Thursday, September 16, 2021

The Good House: Movie Review

A meandering tale of a life in crisis.

The Good House has a curious relationship with genre. Directors Maya Forbes and Wallace Wolodarsky introduced the movie as a comedy saying the highlight of Ann Leary’s novel is how funny it is and the caustic wit of the lead character. Hildy is caustic alright, but Sigourney Weaver’s take on her is a tragic character. An alcoholic who lies to everyone close to her and alienates everyone else. Very few laughs to be found.   2021

Directed by: Maya Forbes, Wallace Wolodarsky

Screenplay by: Thomas Bezuchas, Maya Forbes, and Wallace Wolodarsky
Based on the novel by Ann Leary

Starring: Sigourney Weaver, Kevin Kline

Hildy is a realtor in a small coastal town in Massachusetts. The beginning is sharp – Hildy’s desperate attempts to draw in wealthy couples seem very contrary to the type of people who choose to settle in a gritty, laid-back, non-affluent area of New England. Wendover is a very New England town: varying degrees of a Boston accent, friendly people who keep to themselves, and lobster for most meals. Every aspect of this town made me smile, the filmmakers definitely got this part right.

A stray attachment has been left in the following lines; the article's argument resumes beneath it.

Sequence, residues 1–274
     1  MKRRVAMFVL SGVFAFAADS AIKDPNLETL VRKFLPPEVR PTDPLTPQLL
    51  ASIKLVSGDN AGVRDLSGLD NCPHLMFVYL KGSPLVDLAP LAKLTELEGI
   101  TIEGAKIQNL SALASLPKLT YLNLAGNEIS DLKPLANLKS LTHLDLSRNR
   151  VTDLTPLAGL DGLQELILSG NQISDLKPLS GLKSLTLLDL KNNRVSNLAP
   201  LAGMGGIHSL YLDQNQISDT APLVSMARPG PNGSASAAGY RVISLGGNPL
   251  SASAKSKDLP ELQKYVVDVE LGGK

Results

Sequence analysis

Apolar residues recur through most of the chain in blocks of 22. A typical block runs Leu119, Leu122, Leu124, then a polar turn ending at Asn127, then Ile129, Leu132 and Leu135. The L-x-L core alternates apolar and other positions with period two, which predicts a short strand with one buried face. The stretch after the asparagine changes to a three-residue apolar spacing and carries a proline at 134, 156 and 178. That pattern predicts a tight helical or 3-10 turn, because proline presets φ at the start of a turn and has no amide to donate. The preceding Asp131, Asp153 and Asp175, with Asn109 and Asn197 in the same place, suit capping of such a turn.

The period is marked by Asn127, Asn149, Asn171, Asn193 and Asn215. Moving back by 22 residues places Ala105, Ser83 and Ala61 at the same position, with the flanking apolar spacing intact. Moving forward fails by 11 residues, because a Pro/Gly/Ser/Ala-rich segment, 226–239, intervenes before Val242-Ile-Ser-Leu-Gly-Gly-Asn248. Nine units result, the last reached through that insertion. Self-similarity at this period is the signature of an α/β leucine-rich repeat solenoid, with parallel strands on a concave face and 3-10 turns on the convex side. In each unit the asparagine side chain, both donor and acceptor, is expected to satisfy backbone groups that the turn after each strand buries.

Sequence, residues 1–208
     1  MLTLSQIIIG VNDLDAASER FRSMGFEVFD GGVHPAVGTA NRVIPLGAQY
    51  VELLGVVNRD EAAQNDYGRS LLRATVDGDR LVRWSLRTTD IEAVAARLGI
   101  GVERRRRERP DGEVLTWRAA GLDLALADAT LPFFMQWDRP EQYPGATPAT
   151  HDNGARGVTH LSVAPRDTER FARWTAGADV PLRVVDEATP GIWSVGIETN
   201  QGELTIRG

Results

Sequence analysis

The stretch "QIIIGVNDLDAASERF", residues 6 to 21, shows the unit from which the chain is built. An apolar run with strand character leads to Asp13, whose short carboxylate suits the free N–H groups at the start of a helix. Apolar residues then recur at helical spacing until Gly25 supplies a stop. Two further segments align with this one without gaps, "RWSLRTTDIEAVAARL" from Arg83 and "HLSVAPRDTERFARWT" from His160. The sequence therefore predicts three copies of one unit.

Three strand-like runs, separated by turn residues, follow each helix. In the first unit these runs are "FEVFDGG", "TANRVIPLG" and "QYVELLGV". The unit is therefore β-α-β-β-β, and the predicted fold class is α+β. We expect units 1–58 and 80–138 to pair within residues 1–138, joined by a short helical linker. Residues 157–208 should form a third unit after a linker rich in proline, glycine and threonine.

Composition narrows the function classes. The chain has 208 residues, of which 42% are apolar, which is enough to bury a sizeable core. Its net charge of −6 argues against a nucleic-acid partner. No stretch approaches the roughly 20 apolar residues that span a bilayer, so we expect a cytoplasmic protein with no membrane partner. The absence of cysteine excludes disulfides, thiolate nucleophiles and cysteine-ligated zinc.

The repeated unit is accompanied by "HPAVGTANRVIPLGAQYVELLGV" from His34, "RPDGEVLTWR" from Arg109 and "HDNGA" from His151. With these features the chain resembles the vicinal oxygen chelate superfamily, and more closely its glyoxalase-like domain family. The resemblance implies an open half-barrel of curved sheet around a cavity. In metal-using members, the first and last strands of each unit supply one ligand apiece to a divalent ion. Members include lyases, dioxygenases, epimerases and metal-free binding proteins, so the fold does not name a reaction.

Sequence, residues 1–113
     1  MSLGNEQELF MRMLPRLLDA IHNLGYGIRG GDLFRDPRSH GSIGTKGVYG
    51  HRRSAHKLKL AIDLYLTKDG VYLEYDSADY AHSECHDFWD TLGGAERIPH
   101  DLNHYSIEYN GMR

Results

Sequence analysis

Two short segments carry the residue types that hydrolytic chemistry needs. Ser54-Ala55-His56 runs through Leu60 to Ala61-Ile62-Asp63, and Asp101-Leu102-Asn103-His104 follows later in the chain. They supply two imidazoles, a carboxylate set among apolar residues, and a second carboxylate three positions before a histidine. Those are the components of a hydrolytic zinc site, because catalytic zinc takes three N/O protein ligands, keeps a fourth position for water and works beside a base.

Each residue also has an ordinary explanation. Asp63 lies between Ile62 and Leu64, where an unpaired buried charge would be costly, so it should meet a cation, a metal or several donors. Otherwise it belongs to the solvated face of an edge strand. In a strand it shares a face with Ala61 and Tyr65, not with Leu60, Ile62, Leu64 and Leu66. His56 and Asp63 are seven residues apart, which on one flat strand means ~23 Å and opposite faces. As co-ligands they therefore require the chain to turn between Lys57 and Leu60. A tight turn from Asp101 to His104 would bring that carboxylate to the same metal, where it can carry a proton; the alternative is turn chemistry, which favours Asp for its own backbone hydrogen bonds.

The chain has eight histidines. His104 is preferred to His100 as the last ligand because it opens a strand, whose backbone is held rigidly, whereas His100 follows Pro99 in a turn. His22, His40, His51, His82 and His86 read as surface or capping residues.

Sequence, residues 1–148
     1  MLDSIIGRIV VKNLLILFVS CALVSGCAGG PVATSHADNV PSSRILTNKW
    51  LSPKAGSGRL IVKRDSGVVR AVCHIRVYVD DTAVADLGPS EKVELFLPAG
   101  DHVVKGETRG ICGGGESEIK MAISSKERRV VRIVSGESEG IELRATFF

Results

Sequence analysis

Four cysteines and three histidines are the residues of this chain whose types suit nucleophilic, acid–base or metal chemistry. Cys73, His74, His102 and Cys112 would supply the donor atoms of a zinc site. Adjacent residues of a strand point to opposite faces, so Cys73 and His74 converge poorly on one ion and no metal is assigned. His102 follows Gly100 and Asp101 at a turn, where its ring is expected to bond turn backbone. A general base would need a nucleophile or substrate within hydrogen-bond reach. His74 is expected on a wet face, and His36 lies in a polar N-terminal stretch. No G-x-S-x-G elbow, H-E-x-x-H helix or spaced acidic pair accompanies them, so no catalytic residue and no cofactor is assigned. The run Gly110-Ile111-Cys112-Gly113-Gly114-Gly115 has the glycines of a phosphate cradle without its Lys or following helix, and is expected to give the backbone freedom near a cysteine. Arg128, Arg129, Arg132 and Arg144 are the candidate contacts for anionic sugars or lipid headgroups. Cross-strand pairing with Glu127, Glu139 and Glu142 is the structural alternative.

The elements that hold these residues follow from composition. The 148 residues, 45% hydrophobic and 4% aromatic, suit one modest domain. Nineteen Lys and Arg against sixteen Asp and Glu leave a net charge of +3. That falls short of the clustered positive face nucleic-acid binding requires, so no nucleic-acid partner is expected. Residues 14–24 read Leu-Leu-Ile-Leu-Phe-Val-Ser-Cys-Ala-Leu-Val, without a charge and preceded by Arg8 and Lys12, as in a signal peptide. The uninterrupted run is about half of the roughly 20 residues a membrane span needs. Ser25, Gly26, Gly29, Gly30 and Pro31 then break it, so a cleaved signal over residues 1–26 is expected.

What I like is that Hildy’s gradual tail-spin of a life crisis is occurring when she’s 60-something. It feels more natural than similar movies that focus on 20-something alcoholics. Money has become tight, for many obvious reasons: the realty business isn’t great in a town like Wendover, and it’s definitely not great when you have to spend money on fancy cars to present a more affluent version of yourself that is not reality, and Hildy has a soft-spot for family and former clients who lean on her (mostly because they believe the not-real version of herself that she presents to potential clients).

The issue is that that’s most of the movie – business isn’t great, she drinks, she lies, she drinks some more, and then the drinking really starts messing with her interpretation of reality. She falls for local carpenter Frank (Kevin Kline). He’s gruff and secretly kind, but Kline’s perfectly nuanced performance softens him into a non-cliché character. He’s too good for Hildy.

The movie meanders a lot. The coastal setting and the beautiful cinematography really work for a meandering story. However the emotional connection to Hildy is missing and the story starts dragging a lot. It’s really not a romance and Kline isn’t in it enough; it’s really just a tragic dramatic character study and it needs some of that comedy that was promised to us. The Good House eventually builds to a small, affecting mystery and delivers a fitting and satisfying conclusion, it just took its sweet time to get there.